Lite base map
AGRC's atlas.utah.gov website allows for a quick preview of the most popular base map services. Zoom in for richer map content, click the map for key location-specific info, and use the base map selector in the upper right corner to select your base map of choice.
Among the locally sourced map layers that AGRC incorporates into its base maps are: municipal boundaries, building-specific address points, road centerlines per UDOT specs, and State-stewarded public lands boundaries.
There are many possible approaches to publishing data to web maps and web services. AGRC assists with a full range of web map solutions, from the simple to the most complex.
Our dev group specializes in custom applications, designed with agility to meet defined requirements, that maximize the communication, logical organization, and usability of information.
Some of our recent, and occasionally award-winning, work includes:
The Watershed Restoration Initiative website uses a shared web map to enable interagency project and resource coordination.
Crash Map (DPS / UDOT)
A statewide map of vehicle crashes, reported across all jurisdictions, that allows dynamic filtering for time, date, cause, severity, etc.
Utah's Economic Development Map depicts the landscape of what's important to businesses considering relocating to Utah.
Environmental Map (DEQ)
Search for site-specific information relating to DEQ programs including regulated environmental sites, facilities, and designations.
SGID Raster Search (AGRC)
Get map-based results for all of the imagery, elevation, lidar, and scanned maps available from Utah's SGID.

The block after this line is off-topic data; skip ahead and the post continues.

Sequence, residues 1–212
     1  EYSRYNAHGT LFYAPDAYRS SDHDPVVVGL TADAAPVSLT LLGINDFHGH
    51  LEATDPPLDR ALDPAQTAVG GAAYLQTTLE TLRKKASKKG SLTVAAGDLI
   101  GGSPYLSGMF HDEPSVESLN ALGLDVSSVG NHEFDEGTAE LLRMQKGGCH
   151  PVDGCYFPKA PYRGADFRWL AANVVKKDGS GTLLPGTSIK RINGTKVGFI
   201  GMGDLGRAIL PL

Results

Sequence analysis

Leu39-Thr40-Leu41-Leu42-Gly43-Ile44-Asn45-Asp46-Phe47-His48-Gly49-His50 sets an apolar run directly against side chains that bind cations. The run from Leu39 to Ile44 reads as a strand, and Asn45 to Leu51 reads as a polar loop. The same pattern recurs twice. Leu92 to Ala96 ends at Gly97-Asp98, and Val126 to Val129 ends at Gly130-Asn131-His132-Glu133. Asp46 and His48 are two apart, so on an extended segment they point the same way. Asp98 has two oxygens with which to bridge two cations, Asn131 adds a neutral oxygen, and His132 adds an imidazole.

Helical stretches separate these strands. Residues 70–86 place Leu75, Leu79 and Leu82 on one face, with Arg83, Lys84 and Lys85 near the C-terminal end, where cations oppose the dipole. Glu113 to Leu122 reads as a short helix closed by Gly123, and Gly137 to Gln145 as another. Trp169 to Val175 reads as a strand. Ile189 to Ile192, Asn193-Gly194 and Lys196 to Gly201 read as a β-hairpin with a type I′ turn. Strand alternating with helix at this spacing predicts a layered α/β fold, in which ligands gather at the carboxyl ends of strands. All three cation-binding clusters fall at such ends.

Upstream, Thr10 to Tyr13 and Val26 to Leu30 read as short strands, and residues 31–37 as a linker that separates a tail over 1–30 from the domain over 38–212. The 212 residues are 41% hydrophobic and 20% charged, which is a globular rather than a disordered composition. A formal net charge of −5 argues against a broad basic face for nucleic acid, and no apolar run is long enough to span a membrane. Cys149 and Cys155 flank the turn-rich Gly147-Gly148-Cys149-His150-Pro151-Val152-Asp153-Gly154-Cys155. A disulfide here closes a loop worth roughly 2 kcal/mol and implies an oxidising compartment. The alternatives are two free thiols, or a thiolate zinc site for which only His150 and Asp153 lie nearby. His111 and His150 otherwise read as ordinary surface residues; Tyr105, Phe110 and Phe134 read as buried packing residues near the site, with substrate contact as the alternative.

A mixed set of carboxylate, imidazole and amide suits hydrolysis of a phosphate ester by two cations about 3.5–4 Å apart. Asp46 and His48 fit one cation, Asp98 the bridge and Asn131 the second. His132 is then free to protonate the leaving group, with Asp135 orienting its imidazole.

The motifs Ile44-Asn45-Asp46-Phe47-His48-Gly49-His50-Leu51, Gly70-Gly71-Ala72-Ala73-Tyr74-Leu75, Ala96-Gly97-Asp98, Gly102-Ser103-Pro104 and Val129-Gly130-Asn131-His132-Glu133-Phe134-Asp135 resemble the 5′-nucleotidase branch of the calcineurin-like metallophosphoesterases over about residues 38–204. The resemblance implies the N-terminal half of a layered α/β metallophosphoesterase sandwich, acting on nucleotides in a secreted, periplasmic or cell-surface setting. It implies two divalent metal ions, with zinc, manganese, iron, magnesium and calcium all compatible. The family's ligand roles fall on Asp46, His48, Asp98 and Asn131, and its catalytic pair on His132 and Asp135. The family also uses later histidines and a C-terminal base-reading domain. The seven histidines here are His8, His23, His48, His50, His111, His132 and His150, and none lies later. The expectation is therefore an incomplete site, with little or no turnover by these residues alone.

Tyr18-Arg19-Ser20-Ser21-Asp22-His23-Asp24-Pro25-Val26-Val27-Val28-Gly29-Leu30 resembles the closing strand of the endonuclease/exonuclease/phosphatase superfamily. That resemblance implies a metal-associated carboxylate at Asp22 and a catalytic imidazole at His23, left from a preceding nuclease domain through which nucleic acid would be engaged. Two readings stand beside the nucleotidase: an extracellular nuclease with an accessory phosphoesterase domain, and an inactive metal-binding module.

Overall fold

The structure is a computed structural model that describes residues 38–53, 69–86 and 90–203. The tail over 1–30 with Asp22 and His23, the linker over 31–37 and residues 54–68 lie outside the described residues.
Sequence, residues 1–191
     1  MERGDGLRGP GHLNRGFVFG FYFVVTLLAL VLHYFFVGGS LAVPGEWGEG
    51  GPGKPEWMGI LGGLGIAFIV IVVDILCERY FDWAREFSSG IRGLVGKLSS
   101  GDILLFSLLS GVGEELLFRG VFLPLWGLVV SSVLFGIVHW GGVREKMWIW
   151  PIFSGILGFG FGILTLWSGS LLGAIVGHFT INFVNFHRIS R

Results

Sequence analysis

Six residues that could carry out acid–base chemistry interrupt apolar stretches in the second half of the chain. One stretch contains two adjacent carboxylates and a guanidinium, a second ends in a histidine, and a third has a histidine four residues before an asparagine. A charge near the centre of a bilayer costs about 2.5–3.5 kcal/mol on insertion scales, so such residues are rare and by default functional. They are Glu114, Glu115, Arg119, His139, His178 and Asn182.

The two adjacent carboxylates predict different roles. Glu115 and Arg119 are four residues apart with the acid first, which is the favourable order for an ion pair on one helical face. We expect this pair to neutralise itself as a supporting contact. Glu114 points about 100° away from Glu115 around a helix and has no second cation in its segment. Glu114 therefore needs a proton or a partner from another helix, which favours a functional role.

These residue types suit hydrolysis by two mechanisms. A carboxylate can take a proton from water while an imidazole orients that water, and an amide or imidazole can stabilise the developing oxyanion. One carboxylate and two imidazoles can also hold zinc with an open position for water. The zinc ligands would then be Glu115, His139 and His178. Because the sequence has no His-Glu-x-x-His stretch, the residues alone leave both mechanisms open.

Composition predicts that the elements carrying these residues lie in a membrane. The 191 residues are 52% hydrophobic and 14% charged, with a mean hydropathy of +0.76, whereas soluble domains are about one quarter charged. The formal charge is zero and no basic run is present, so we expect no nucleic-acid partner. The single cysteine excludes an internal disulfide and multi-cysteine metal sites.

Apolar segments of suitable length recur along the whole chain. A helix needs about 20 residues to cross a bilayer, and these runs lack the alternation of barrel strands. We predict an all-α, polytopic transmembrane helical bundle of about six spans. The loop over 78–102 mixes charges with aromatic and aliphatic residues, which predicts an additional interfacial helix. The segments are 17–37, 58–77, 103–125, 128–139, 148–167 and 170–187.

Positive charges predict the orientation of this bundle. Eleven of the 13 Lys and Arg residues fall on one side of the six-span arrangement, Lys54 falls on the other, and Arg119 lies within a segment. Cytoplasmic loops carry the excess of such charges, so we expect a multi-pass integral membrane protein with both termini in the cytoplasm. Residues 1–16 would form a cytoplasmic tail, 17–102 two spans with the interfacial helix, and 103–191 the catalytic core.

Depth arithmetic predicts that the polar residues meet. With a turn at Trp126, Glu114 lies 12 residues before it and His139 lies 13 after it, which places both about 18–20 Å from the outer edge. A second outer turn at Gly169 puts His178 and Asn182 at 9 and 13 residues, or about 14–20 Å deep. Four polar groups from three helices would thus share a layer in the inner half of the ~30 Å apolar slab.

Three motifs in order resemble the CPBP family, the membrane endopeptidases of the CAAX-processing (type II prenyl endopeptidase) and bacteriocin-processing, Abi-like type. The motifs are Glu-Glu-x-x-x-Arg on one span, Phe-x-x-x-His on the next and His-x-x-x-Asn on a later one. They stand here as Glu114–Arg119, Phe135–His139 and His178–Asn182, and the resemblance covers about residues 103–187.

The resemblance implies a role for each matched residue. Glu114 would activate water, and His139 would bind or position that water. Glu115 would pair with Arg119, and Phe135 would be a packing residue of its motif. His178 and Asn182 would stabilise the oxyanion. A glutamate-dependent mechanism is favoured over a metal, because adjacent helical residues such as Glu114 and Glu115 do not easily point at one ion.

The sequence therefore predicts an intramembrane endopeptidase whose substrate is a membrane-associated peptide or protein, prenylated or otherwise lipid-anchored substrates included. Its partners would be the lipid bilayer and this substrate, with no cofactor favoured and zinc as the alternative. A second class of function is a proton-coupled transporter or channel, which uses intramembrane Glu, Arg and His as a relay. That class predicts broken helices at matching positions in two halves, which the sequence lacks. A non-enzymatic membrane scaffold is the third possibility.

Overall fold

SGID Parcel Viewer (AGRC)
Zoom in to view parcel boundaries and basic attributes as assembled statewide by AGRC, in coordination with County Recorders.
APIs available through api.mapserv.utah.gov enable common tasks like address location (aka geocoding) and map search (point-in-polygon query) to be built into web applications and data-handling processes without the immediate need for GIS-specific software. These APIs are at the core of sites like Who Represents Me?, Who Taxes me? etc.
AGRC's dev group maintains a library of Utah-specific map widgets that provide common tools desired in web mapping applications. The library includes FindAddress (geocoding), TRSSearch (finds PLSS sections), and Sherlock (can be used to search for any feature in the SGID or layers in a map services. We also, on occasion publish customization for ArcGIS desktop like our geocoding api tool.
We are into git. By default, the AGRC dev team keeps its code current in AGRC's GitHub repository. If it's a web site, widget, desktop add-in, or even the content of this website itself, it should be findable, and open-sourced in the AGRC repo.